Flow injection determination of bismuth in urine by successive retention of Bi(III) and tetrahydroborate(III) on an anion-exchange resin and hydride generation atomic absorption spectrometry.
ABSTRACT Bismuth as BiCl(4)(-) and BH(4)(-) ware successively retained in a column (150mm x 4mm, length x i.d.) packed with Amberlite IRA-410 (strong anion-exchange resin). This was followed by passage of an injected slug of hydrochloric acid resulting in bismuthine generation (BiH(3)). BiH(3) was stripped from the eluent solution by the addition of a nitrogen flow and the bulk phases were separated in a gas-liquid separator. Finally, bismutine was atomized in a quartz tube for the subsequent detection of bismuth by atomic absorption spectrometry. Different halide complexes of bismuth (namely, BiBr(4)(-), BiI(4)(-) and BiCl(4)(-)) were tested for its pre-concentration, being the chloride complexes which produced the best results. Therefore, a concentration of 0.3moll(-1) of HCl was added to the samples and calibration solutions. A linear response was obtained between the detection limit (3sigma) of 0.225 and 80mugl(-1). The R.S.D.% (n = 10) for a solution containing 50mugl(-1) of Bi was 0.85%. The tolerance of the system to interferences was evaluated by investigating the effect of the following ions: Cu(2+), Co(2+), Ni(2+), Fe(3+), Cd(2+), Pb(2+), Hg(2+), Zn(2+), and Mg(2+). The most severe depression was caused by Hg(2+), which at 60mgl(-1) caused a 5% depression on the signal. For the other cations, concentrations between 1000 and 10,000mgl(-1) could be tolerated. The system was applied to the determination of Bi in urine of patients under therapy with bismuth subcitrate. The recovery of spikes of 5 and 50mugl(-1) of Bi added to the samples prior to digestion with HNO(3) and H(2)O(2) was in satisfactory ranges from 95.0 to 101.0%. The concentrations of bismuth found in six selected samples using this procedure were in good agreement with those obtained by an alternative technique (ETAAS). Finally, the concentration of Bi determined in urine before and after 3 days of treatment were 1.94 +/- 1.26 and 9.02 +/- 5.82mugl(-1), respectively.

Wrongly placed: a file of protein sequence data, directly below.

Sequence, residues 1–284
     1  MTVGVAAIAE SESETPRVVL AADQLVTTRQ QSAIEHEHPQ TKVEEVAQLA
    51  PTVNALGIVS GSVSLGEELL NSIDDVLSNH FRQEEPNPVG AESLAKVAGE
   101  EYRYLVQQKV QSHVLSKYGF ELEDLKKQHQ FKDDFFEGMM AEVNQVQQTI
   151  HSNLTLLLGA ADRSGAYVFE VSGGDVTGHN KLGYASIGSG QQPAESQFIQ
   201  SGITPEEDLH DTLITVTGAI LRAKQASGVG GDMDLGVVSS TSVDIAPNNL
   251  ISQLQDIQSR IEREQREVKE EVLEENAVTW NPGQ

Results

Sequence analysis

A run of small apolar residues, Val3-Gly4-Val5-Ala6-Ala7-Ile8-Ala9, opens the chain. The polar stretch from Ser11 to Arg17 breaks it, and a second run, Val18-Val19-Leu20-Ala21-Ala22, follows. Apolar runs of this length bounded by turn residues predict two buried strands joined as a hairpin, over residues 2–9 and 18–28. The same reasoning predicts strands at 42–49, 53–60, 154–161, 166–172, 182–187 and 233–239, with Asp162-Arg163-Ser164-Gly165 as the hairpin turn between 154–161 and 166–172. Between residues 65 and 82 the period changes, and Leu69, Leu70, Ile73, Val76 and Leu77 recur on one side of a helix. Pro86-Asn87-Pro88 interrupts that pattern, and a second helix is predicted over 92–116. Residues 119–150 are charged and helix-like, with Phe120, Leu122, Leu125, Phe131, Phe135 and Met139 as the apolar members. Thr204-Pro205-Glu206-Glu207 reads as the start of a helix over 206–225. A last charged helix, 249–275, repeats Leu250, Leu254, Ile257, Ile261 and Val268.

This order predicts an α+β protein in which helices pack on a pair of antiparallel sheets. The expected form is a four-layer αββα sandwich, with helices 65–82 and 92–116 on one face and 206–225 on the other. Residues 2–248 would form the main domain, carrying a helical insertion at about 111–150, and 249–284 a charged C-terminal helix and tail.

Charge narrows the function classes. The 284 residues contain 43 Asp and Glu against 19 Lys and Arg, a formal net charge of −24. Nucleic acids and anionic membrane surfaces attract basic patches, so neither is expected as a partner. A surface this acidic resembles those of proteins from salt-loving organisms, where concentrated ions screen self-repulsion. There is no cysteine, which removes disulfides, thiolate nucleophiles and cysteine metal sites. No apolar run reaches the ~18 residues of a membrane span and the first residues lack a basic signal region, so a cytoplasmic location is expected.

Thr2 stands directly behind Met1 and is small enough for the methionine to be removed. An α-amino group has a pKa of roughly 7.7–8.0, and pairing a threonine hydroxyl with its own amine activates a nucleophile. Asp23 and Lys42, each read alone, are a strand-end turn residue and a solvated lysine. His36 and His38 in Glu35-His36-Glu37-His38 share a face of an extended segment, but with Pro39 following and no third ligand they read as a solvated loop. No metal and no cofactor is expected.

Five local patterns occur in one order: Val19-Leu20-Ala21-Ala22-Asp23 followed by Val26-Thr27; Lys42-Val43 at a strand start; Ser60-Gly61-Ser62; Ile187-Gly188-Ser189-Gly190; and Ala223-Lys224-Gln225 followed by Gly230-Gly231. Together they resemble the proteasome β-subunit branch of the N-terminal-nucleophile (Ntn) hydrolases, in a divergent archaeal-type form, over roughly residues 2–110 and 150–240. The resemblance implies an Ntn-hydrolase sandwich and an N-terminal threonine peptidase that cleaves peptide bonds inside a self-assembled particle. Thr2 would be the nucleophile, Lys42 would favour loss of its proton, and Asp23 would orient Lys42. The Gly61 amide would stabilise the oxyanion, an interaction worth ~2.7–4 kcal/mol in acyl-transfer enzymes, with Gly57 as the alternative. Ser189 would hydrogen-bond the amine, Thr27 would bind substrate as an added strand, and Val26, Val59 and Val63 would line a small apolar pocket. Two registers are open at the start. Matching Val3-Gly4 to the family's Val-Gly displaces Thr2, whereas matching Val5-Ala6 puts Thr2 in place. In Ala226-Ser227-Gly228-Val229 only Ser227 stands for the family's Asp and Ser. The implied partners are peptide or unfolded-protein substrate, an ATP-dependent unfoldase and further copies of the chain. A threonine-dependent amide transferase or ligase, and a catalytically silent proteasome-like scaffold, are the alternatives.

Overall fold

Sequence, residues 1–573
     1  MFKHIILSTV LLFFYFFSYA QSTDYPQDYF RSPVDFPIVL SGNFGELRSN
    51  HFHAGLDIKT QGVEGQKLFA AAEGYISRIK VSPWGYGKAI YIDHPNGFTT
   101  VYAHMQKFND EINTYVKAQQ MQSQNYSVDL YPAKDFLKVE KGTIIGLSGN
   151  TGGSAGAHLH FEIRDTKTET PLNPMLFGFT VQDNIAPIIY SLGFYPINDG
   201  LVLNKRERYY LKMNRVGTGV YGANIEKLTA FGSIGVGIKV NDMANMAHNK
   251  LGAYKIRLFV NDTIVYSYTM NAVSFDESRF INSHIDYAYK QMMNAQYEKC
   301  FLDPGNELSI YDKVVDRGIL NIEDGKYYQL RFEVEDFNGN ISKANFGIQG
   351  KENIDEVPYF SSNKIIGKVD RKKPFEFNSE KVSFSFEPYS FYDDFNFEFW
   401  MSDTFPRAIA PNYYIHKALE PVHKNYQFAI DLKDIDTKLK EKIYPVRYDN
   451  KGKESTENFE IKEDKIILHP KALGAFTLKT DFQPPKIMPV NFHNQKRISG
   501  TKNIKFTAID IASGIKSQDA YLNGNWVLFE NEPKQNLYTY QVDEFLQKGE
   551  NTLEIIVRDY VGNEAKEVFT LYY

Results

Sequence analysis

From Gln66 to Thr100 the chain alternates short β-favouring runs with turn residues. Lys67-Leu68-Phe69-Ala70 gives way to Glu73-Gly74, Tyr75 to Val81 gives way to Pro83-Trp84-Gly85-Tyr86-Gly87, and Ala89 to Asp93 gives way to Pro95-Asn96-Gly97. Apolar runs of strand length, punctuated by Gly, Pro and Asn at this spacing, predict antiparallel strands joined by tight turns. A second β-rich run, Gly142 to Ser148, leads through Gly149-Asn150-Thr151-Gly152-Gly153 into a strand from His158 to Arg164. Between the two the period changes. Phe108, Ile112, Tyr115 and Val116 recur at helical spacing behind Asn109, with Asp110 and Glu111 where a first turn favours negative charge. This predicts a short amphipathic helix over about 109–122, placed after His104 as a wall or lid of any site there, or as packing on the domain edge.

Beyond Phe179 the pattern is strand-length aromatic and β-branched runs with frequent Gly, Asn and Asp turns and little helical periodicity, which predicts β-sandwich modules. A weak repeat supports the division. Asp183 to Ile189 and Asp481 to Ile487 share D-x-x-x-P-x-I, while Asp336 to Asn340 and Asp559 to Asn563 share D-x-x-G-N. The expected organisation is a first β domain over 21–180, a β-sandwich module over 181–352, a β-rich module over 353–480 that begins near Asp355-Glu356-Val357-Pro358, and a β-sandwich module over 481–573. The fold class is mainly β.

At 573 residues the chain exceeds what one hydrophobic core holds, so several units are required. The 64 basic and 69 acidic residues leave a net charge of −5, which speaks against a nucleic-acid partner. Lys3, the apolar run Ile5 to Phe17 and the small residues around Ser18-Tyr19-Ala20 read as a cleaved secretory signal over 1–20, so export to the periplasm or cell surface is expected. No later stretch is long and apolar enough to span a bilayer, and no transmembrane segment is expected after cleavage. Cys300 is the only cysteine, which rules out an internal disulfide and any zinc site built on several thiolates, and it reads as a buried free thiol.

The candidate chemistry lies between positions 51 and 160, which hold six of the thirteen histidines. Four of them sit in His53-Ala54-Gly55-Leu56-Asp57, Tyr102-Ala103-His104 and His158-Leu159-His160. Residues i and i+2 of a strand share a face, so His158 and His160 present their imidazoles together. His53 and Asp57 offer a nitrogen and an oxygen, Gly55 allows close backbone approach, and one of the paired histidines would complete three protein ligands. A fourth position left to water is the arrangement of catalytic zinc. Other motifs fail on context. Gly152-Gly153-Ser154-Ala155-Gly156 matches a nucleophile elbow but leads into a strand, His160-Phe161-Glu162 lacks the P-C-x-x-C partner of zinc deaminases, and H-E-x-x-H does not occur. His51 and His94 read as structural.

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ABSTRACT: A simple and sensitive flow injection on line separation and preconcentration system coupled to hydride generation atomic fluorescence spectrometry (HG‐AFS) was developed for ultra‐trace bismuth determination in water and urine samples. The preconcentration of bismuth on a nylon fiber‐packed microcolumn was carried out based on the retention of bismuth complex with Bismuthiol I. A 15% (v/v) HCl was introduced to elute the retained analyte complex and merge with KBH4 solution for HG‐AFS detection. Under the optimal experimental conditions, an enhancement factor of 20 was obtained at a sample frequency of 24/h with a sample consumption of 13.0 ml. The limit of detection was 2.8 ng/l and the precision (RSD) for 11 replicate measurements of 0.1 µg/l Bi was 4.4%.Analytical Letters 01/2007; 40(14):2772-2782. · 0.97 Impact Factor
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ABSTRACT: A cloud-point extraction (CPE) process using the nonionic surfactant Triton X-114 to extract bismuth from aqueous solutions was investigated. The method is based on the complexation reaction of Bi(III) with 4-(2-benzothiazolylazo)2,2′-biphenyldiol (BTABD) and micelle-mediated extraction of the complex. The optimal extraction and reaction conditions (e.g., pH, reagent concentration, surfactant concentration, and effect of time) were studied. The analytical characteristics of the method (e.g., linear range, molar absorptivity, Sandell sensitivity, optimum Ringbom concentration ranges, limits of detection and quantification, preconcentration factor, and improvement factors) were obtained. Linearity was obeyed in the range of 2.50–85.0 ng mL of Bi(III) ion. The detection limit of the method was 0.75 ng mL of Bi(III) ion. The interference effect of some anions and cations was also tested. The method was applied to the determination of bismuth in environmental water, human hair, and urine samples.Spectroscopy Letters 09/2011; 44(6):424-431. · 0.67 Impact Factor
- Bulletin of The Chemical Society of Japan - BULL CHEM SOC JPN. 01/2008; 81(2):257-261.